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James Russell Lowell
( Originally Published Early 1900's )
Longfellow was succeeded in his professor's chair at Harvard by James Russell Lowell (1819-1888), also a son of Cambridge, a fine New England heritage, and a Harvard student. Lowell, while not entitled to Longfellow's rank as a poet, nor perhaps any more learned than he, was a greater critic and essayist, and may today be recognized as the representative of indigenous American culture in the sense that Matthew Arnold was the representative of that of England. Lowell, who took a deep interest in American politics, was destined to be appointed by President Hayes to the Spanish Mission and to represent his country at the Court of St. James, and to receive the highest degrees from Oxford and Cambridge. In his youth he was so active in the anti-slavery and other public agitations of the time that in his rollicking and brilliant "Fable for Critics" (1848)—an imperishable landmark of American literature—he satirized himself :
"And there is Lowell, who's striving Parnassus to climb,
And in that very year he did, indeed, "make a drum of his shell," in his first series of the "Biglow Papers." These poems, prefaced by a delightful parody of old time New England pedantry and even of the new fangled Carlylese, established Lowell as the great typical Yankee wit. His creation of "Hosea Biglow," the Down East poet, full of homely humor, wit, satire, patriotism and idyllicism, is unique in literature. How well Lowell could write a Yankee idyl he showed in his little poem, "Zekle Crep' up all Unbeknown." These poems, written in true Down East dialect, with the twang of Down East character as well, were called forth in opposition and satire of the war spirit fomented by the slaveholders eager for new terri-tory. Lowell held up the contemptible buncombe politicians of the day to merciless ridicule in the figure of the Honorable John Doughface. He made Congressman Robinson a national butt of laughter in those ludicrous lines :
In the second series he tuned his Down East lyre to the new Northern patriotism, writing Yankee lyrics of the Civil War.
Lowell originally studied for and was admitted to the bar, but the only record of his practice is found in his little story entitled "My First Client." His first volume of poems inspired by his love for her who became his wife appeared in 1841 under the title of "A Year's Life." His earlier "Biglow Papers" were given to the public in the columns of the "Boston Courier" anonymously and edited with its playful learned introduction, notes, glossary, index and "notices of an independent press" by "Homer Wilbur, A. M., Pastor of the First Church in Jaalam, and prospective member of many literary, learned and scientific societies." Before this satire on the Mexican War, slavery and political cant, Lowell had written his exquisite vision of "Sir Launfal," a poem founded on the legend of the Holy Grail, and composed rapidly. Two of his most successful small poems of this time were "The Crisis" and "The First Snowfall." When the Kan-sas struggle (1856-58) enlisted his sympathies he actually contemplated sending his Hosea Biglow to that "dark and bloody ground" to report in vernacular, but Hosea had to wait for the Civil War. Of all his poems the one most praised for its loftiness and beauty is "The Cathedral." In this poem, despite one unhappy lapse from dignity, Lowell sought to catch that spirit of new-born greatness and sense of human destiny -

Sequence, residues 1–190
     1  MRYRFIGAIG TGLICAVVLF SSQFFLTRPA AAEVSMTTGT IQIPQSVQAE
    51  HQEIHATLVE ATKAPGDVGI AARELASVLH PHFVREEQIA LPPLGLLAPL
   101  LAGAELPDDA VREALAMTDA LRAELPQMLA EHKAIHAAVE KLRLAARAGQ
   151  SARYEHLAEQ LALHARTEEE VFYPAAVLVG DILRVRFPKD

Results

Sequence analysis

"Missed in the commonplace of miracle."
Equally noble is his superb "Ode recited at the Commemoration of the Living and Dead Soldiers of Harvard University, July 21, 1865." This "Commemoration Ode" not only contains a magnificent eulogy of the martyred Abraham Lincoln as the great typical American, but it seeks to give a splendid apotheosis of her whom he apostrophized in the lines -
"Who cometh over the hills,
Lowell was not as popular as Longfellow, but his best lines contain that "beauty's acme" described by him as "The wave's poise before it break and curl."
It is, however, chiefly as critic and essayist that he is best known to-day. In his three books of literary criticism and fancy, "Fireside Travels," "Among My Books," "My Study Windows," he proved himself to be America's most scholarly critic. The old English authors Chaucer, Spenser, the dramatists of Elizabeth's reign, attracted his attention particularly. But his catholicity of taste was also accompanied by a catholicity of subjects. In "My Garden Acquaintance," and "A Good Word for Winter," he displayed notable graces of style, and his paper "On a Certain Condescension in Foreigners," was a capital "retort courteous" to the woes inflicted upon America by foreign critics, and continues to be a compensating solace even to this day.